If that is indeed the problem, allowing the soil to dry out completely before watering will help break the reproductive cycle and with some luck (providing they don’t find another moist place) their numbers will be reduced.

mcbealer's avatar

Should I repot the plant with totally new soil, or is the pot (ceramic) itself also contaminated? I placed outside on my patio and it’s been raining all day, so at this point, the soil is completely saturated with water.

hoosier_banana's avatar

Use the mosquito dunks, they work, or you could pay more for the same bio-pesticide, BTi, here. You can find mosquito dunks at aquarium and pond centers, hardware stores, or big box stores like Lowes. Trust me, it will work faster and be better for the plant. Just keep the dunk in the can you water with, to be extra nice to the bacteria keep some water in it at all times, too easy.

mcbealer's avatar

well, right now I can’t water it, it’s been sitting in the rain for 12 hours!

hoosier_banana's avatar

Right, the fungus gnats are not going to kill the plant but staying soaked too long might, get a dunk and brew it in the can for a few days and then water when the plant needs it.

mcbealer's avatar

but that will be at least 2 weeks from now-it’s a bonsai. And that’s if it doesn’t get any wetter outside- I can’t deal with creepy crawlies in the house.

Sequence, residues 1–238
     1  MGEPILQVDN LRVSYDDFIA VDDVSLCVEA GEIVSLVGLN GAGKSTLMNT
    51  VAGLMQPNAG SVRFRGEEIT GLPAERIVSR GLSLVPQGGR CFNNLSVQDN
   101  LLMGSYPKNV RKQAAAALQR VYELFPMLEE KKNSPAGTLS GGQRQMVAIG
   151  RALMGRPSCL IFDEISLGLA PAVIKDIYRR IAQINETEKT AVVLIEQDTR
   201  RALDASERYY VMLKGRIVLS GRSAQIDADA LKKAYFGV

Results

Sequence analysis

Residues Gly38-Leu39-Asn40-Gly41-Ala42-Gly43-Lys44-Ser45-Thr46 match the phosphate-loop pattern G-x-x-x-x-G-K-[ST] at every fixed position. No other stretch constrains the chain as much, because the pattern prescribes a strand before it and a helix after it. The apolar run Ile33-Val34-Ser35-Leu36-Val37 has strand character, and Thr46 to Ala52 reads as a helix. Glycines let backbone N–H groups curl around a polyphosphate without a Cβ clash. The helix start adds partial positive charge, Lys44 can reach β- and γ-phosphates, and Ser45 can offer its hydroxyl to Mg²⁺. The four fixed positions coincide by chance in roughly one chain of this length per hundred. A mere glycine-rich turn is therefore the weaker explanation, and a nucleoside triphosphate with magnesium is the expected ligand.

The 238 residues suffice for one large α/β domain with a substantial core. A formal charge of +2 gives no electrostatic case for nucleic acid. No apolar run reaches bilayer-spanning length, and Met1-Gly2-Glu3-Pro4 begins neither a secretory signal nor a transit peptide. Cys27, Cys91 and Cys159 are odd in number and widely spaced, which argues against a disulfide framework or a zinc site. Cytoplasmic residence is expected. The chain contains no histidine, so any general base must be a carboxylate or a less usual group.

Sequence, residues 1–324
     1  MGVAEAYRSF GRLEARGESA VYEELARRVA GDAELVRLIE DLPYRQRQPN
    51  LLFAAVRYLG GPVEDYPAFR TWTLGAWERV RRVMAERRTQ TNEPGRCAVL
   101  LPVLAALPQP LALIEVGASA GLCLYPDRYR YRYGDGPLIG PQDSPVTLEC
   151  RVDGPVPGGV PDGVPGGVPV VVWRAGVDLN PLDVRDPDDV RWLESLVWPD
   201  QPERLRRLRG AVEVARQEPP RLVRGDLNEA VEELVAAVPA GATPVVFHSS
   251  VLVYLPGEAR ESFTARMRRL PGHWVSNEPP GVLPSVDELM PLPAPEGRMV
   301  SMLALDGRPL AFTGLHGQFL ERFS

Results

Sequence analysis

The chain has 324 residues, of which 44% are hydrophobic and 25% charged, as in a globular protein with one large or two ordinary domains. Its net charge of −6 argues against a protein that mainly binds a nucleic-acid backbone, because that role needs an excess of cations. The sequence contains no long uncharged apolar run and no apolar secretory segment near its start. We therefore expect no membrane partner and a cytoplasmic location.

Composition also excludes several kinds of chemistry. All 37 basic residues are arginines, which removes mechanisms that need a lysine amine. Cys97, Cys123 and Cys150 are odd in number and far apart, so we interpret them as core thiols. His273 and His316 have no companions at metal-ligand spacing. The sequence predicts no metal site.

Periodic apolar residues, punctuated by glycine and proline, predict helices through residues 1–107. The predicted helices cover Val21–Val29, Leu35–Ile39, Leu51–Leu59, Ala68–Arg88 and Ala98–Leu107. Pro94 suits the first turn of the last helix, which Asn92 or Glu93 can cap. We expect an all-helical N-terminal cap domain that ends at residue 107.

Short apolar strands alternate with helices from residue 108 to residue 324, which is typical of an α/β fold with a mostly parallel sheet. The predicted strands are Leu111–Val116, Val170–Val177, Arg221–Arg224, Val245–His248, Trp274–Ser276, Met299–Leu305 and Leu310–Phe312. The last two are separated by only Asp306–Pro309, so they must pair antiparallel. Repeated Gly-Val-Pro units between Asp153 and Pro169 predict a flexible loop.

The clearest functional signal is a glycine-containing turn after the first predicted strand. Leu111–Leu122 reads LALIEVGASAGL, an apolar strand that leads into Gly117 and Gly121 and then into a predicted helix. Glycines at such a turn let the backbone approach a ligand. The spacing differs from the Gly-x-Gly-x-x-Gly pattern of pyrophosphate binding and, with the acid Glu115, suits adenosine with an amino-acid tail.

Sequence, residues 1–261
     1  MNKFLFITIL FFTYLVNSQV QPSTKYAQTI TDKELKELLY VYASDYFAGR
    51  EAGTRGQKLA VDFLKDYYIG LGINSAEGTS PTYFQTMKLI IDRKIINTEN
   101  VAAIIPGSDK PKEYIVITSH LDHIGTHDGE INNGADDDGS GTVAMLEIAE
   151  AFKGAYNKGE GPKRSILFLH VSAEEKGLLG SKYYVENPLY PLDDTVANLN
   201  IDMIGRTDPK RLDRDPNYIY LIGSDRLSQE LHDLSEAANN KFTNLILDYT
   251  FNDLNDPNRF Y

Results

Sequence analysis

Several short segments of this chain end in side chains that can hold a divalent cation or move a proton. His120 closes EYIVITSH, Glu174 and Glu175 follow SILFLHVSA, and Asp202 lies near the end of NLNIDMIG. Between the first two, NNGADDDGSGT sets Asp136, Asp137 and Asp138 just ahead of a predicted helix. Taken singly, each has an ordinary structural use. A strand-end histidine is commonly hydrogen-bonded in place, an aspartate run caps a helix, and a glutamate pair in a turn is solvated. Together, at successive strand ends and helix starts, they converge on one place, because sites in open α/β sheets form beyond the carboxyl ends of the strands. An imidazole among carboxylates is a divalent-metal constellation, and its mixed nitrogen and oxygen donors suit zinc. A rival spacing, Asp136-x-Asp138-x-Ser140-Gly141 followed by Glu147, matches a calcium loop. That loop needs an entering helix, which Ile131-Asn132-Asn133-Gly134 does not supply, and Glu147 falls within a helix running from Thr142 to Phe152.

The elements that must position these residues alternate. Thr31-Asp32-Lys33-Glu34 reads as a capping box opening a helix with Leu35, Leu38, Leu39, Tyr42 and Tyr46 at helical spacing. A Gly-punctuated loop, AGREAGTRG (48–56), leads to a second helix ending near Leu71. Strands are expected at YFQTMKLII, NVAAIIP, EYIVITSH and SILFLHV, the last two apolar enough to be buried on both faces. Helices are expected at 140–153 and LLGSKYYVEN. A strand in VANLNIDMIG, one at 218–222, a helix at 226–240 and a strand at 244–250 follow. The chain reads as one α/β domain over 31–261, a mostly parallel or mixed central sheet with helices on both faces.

Is there a now rather than later solution?

MissAnthrope's avatar

Okay, here is what I would do. I would get new potting soil (has not been used before). Remove the plant from the pot, shaking off as much dirt as you can. Be gentle with the roots. You may actually be able to rinse some of the dirt out of the root ball. Gently set aside on a paper towel or something.

Then, I would sterilize the pot. First I’d wash it really well with soap and hot water, then I would soak it in bleach for a few minutes. Make sure you rinse the pot really well, getting all bleach and soap out. Fill the pot with new potting soil, replant your plant, and water a little. I then would keep the plant quarantined from other plants and also from the site it was placed when it had gnats.

Even if you don’t get all the larvae, it’s a great start. Placing the plant in a different area from where the gnats are now, even temporarily, will help slow down the breeding cycle, it would also give you enough time to get mosquito dunks if you want.

Watch your other plants for infestations.. if you see them, definitely let the soil dry out completely between waterings. That will help the problem a lot. Good luck. :)

hoosier_banana's avatar

Pachira Aquatica(Money Tree) is native to sunny freshwater swamps, it is tolerant of shade and some dryness but should not be allowed to dry completely.

If you are worried about the adults you can use Orange Guard, dilute it 1:3 or 4 if you spray the plant itself, it’s pretty strong stuff.